Today, when we are used to seeing images of every conceivable kind in every medium and at every scale, it is hard to imagine the impact on 16th-century eyes of a small painting like this one at the Cleveland Museum of Art. A little less than two feet high, it shows not a man-god dying on a cross or a beheaded saint or a heroic battle or heaven or hell, but — very simply and without fuss — a boy draining a wine glass.
Images of such subjects barely existed before Annibale Carracci, who painted “Boy Drinking” around 1582-1583. Carracci (c. 1560-1609) was an important artist from Bologna, a landlocked city between Florence, Venice and Genoa. When it was purchased in 1994, the Cleveland museum’s then director, Robert P. Bergman, called it “arguably the most spontaneously painted picture of the 16th century.”
It does seem incredibly fresh. You don’t feel the painter following any existing schema. It feels instead like a depiction of something he has observed directly with his own eyes and done his best to reproduce with the brush in his hand.
The impression of freshness and immediacy is reinforced by the paint’s facture. Get up close and you can see the brushstrokes — not just the thicker marks that capture the light glinting off the glass carafe, but also those that describe the folds of the boy’s white shirt and even his skin. Notice the change in skin tone from his leading forearm to his redder wrist and hand. In front of the painting itself you can see not only where this shift occurs, but also how the textures of the paint mimic the textures of actual skin. (A recent exhibition in London paired Carracci with Lucian Freud, and you can see why.) Marvel, too, at how the light refracted through the wine leaves a rust-colored patch of light on his shirt.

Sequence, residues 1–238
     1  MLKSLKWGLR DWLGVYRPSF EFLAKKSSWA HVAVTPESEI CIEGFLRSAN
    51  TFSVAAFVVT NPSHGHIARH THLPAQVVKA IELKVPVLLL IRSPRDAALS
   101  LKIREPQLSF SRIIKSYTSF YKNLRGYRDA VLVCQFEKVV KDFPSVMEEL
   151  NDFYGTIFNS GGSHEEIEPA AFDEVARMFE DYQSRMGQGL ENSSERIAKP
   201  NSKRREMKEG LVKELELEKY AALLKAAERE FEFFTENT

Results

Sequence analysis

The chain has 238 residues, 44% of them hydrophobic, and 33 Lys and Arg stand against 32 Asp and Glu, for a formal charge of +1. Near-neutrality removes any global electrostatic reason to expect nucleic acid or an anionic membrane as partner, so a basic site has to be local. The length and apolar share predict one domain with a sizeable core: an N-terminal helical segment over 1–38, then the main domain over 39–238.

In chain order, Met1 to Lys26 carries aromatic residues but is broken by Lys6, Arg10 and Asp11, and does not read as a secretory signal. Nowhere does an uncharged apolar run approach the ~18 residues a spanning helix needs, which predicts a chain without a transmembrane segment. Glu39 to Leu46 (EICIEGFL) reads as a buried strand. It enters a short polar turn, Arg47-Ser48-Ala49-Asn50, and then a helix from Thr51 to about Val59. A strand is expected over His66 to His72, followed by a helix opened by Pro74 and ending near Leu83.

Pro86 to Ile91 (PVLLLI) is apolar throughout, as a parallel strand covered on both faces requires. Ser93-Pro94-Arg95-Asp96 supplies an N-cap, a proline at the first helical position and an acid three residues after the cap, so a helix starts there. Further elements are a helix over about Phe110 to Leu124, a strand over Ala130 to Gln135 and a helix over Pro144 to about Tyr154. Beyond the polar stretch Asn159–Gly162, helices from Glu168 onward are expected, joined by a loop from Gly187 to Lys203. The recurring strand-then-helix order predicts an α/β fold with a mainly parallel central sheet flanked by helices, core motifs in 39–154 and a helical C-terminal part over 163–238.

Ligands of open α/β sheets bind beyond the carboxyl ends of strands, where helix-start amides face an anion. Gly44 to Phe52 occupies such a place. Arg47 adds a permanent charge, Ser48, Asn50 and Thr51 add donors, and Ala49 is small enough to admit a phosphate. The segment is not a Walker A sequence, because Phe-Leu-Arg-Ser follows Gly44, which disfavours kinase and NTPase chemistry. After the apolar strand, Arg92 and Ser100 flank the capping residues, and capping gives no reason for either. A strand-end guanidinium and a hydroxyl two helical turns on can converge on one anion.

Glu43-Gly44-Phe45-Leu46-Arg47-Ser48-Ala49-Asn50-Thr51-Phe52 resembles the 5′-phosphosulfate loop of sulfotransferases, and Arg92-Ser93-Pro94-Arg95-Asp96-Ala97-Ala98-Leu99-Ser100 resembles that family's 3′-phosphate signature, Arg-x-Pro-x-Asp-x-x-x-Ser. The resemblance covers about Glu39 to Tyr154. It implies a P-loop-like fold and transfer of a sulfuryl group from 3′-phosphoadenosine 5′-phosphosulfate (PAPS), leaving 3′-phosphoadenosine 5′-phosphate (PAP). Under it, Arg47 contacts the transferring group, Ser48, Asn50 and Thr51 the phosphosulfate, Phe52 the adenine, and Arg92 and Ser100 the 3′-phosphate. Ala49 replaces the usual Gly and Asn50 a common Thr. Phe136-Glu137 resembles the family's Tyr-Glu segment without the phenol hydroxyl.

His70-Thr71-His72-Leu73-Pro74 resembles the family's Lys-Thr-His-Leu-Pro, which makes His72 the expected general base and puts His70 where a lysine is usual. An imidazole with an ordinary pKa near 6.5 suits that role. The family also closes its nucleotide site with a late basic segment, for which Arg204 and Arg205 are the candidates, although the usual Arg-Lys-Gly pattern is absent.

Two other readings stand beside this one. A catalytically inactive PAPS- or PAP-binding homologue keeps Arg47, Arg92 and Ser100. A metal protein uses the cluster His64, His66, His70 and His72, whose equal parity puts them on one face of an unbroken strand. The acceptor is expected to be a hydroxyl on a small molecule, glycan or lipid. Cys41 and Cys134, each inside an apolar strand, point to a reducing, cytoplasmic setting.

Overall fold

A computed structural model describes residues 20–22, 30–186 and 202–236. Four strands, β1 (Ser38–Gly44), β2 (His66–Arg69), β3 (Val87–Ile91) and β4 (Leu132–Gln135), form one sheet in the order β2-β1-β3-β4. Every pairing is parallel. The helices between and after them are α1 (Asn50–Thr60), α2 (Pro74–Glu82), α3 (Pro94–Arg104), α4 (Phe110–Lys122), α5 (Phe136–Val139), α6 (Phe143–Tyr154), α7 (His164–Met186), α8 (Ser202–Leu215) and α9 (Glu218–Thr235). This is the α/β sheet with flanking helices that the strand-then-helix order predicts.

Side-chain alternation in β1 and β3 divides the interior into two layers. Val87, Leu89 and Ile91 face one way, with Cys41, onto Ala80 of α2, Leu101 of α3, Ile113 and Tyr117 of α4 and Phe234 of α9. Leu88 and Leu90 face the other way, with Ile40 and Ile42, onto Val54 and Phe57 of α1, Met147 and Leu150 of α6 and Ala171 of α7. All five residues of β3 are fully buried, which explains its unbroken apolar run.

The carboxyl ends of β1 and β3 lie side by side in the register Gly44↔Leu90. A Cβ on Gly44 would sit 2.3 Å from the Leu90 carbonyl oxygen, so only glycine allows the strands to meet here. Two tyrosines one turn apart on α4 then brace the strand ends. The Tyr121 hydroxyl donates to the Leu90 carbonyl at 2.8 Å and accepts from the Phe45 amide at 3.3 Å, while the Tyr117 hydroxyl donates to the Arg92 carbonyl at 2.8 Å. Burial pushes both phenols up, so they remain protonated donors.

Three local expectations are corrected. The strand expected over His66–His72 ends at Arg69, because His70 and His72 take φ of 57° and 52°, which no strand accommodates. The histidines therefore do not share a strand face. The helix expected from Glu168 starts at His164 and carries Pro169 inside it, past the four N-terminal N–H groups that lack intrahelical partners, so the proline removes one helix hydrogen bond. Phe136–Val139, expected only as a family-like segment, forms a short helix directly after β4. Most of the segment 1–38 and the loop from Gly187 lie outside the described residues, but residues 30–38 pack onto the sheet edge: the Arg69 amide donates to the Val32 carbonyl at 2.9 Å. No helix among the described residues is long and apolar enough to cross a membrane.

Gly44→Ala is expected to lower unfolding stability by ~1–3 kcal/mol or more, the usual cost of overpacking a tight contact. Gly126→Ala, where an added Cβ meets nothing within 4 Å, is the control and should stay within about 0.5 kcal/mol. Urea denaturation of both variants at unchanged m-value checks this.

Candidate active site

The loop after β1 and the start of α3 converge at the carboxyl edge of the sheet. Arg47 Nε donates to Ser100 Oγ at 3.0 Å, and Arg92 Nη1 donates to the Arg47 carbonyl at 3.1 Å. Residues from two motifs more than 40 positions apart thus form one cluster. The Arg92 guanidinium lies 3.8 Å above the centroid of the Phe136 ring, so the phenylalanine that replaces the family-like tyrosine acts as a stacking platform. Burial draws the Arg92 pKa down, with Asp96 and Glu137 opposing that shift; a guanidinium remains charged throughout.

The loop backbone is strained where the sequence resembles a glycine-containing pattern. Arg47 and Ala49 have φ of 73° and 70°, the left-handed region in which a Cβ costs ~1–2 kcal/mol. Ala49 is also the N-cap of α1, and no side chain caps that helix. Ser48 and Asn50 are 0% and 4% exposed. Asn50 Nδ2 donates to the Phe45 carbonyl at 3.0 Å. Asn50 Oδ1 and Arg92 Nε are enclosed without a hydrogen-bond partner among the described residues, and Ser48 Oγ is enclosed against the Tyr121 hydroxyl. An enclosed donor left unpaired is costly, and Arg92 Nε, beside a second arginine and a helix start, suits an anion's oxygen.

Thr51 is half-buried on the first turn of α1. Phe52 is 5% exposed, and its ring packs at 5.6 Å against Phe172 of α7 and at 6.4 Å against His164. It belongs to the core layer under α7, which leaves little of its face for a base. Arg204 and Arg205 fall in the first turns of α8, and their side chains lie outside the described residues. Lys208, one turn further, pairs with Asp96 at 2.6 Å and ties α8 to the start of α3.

Described as “one of the earliest true genre paintings” (genre painting is the term that art historians use for images of ordinary people engaging in common activities) “Boy Drinking” exists in three versions. One of the three was stolen last year from Oxford University’s Christ Church Picture Gallery and is yet to be recovered.
Carracci had an older cousin, Ludovico, and an older brother, Agostino, who were both successful artists. They collaborated closely, but of the three, Annibale was the most accomplished and the most revolutionary.
Before Carracci, Italian art had been dominated by a style that art historians later came to call “mannerism.” Mannerism had many fascinations, but the Bolognese scholar Count Carlo Cesare Malvasia set the general tone when he dismissed the style a century later as “far from verisimilitude, not to mention from the truth itself.” Mannerism, he went on, was advanced by artists guilty not only of weak drawing and “flaccid and washed-out coloring,” but also of “abandoning the imitation of antique statuary, as well as of nature” and founding their art “wholly in their imaginations.”
Carracci — not unlike the Flemish painter Pieter Bruegel the Elder, who died when Carracci was 8 — wanted to return art to reality and to lived experience. By ridding his work of idealization and rhetoric and coolly confronting the truth, he provided an antidote to the excesses of mannerism and, along with Caravaggio, helped to usher in the Baroque.
When we look at “Boy Drinking,” with its unfamiliar view of a boy’s exposed neck and dark nostrils, it’s easy to see how the turn in art brought about by Carracci might have been connected not only to interesting new forms of self-consciousness, but also to a renewed investment in the pleasures of the here-and-now. A toast to that! Saluti!
Great Works, In Focus